When firms expand across national borders, they anticipate that the benefits of operations, assets, or relationships in multiple jurisdictions are superior to those available at home. When those same firms encounter difficulties, however, their restructuring efforts can yield unexpected results: dramatically differing legal schemes, varying levels of expertise and sophistication with respect to insolvency, and even differing cultural attitudes regarding debtor-creditor relationships can create unanticipated challenges for the international firm attempting to restructure, and for its creditors seeking to maximize their recovery.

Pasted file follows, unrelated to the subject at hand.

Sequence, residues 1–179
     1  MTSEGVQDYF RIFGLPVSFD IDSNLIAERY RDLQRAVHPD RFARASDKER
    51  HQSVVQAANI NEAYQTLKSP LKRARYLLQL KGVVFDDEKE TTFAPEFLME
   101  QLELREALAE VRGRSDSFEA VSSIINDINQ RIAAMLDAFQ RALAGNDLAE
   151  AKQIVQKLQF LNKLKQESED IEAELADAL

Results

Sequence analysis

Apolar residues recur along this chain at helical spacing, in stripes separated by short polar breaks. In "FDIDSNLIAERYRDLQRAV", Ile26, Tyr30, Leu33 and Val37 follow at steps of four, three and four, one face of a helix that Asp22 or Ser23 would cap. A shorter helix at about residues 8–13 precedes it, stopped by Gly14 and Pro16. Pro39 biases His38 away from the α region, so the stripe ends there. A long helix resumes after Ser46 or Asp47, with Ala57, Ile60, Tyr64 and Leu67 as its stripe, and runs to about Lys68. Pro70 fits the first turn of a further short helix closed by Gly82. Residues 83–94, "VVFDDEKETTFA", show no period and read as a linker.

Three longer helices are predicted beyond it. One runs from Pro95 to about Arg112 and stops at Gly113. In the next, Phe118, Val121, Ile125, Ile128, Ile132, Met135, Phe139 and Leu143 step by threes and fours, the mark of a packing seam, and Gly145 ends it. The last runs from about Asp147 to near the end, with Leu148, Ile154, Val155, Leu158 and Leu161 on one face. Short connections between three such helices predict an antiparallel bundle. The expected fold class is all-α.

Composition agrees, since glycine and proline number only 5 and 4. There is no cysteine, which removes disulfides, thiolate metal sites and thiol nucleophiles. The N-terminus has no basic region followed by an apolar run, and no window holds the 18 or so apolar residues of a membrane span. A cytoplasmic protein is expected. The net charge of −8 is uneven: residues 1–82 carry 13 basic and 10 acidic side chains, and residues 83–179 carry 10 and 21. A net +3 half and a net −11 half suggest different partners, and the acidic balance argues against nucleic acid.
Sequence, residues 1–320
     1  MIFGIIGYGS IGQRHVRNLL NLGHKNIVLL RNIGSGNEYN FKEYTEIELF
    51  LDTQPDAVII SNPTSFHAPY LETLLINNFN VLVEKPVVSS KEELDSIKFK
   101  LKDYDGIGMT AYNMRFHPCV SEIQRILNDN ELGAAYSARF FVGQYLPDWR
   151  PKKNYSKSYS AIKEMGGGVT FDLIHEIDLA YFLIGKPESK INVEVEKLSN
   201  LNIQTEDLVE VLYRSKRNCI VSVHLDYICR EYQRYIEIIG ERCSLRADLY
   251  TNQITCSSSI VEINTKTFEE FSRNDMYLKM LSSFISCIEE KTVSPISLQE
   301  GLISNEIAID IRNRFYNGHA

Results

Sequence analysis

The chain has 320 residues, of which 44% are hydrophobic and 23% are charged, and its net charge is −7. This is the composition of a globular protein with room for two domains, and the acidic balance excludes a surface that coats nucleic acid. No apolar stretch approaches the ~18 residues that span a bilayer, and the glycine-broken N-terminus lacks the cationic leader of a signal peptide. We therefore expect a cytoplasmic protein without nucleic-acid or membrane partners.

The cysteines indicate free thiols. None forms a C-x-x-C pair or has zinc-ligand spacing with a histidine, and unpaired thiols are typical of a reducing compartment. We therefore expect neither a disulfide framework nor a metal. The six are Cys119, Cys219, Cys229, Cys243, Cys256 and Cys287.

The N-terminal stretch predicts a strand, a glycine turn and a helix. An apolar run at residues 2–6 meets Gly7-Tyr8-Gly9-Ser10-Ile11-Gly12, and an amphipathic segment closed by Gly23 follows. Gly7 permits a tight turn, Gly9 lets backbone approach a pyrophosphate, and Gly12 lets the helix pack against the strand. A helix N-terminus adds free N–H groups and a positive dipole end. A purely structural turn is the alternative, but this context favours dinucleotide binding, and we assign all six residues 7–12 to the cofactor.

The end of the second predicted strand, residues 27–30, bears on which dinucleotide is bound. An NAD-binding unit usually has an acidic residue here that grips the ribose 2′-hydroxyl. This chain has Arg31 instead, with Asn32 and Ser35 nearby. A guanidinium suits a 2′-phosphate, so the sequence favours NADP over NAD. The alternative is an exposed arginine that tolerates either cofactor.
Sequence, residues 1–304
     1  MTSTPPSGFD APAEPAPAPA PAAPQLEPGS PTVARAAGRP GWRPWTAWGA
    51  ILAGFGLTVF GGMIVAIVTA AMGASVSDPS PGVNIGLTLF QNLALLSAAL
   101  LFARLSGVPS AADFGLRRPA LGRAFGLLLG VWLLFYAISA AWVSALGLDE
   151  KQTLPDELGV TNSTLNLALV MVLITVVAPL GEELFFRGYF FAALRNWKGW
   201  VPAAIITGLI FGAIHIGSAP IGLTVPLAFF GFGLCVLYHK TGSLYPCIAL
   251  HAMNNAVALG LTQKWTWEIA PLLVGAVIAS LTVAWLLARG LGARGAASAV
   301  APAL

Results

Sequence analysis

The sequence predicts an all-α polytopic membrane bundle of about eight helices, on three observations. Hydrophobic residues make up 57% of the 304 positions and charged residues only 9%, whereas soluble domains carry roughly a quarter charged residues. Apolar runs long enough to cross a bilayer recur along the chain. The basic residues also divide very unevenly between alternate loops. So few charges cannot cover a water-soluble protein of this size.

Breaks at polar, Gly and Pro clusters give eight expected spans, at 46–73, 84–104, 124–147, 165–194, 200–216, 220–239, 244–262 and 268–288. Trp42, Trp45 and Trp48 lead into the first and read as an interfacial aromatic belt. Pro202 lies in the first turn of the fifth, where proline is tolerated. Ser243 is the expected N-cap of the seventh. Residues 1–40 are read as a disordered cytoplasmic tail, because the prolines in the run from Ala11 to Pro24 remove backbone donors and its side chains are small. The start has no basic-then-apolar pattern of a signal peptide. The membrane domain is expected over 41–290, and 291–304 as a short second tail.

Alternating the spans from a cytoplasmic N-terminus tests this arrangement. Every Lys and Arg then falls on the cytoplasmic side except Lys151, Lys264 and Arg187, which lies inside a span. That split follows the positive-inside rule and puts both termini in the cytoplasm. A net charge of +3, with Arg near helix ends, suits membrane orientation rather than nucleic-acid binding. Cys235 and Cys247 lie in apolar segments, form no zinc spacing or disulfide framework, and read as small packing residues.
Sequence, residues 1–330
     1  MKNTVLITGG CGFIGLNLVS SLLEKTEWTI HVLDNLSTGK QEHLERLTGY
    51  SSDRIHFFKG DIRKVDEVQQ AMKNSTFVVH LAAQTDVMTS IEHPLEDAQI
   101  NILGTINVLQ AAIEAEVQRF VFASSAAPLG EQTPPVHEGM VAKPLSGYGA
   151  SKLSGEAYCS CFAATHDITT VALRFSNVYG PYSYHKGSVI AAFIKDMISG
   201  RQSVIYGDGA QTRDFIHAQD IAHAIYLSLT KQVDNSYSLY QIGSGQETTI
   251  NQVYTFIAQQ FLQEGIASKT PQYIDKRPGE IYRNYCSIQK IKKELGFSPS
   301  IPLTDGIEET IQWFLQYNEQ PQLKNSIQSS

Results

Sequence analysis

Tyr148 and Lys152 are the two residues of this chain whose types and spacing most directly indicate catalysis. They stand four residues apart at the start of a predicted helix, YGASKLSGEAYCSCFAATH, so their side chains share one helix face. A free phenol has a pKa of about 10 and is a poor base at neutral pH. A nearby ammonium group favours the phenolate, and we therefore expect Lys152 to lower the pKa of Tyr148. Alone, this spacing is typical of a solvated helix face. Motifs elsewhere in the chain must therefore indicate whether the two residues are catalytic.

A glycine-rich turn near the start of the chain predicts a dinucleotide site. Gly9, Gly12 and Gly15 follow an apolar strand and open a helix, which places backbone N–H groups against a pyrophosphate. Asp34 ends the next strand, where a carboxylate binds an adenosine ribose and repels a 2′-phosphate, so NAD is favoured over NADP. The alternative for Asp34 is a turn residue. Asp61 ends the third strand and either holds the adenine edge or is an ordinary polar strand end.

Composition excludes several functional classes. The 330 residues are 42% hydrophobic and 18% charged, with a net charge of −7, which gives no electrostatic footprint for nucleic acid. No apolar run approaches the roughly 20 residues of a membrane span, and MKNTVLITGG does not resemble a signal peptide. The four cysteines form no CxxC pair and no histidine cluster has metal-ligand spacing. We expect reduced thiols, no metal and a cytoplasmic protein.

In North America, Mexico and the US share a growing level of cross-border trade and business development. Partly in response to this growth, each country’s national legislature has reformed or extensively revised its own insolvency law. Moreover, each jurisdiction now strongly upholds the recognition of insolvency proceedings commenced outside their borders. These changes raise an important question: how should the troubled firm – or its creditors – anticipate and plan for a crossborder reorganisation proceeding between Mexico and the US? This article offers some very general considerations for such planning.
This 2008 article is accessible here. Republished with kind permission of Chase Cambria Company (Publishing) Ltd.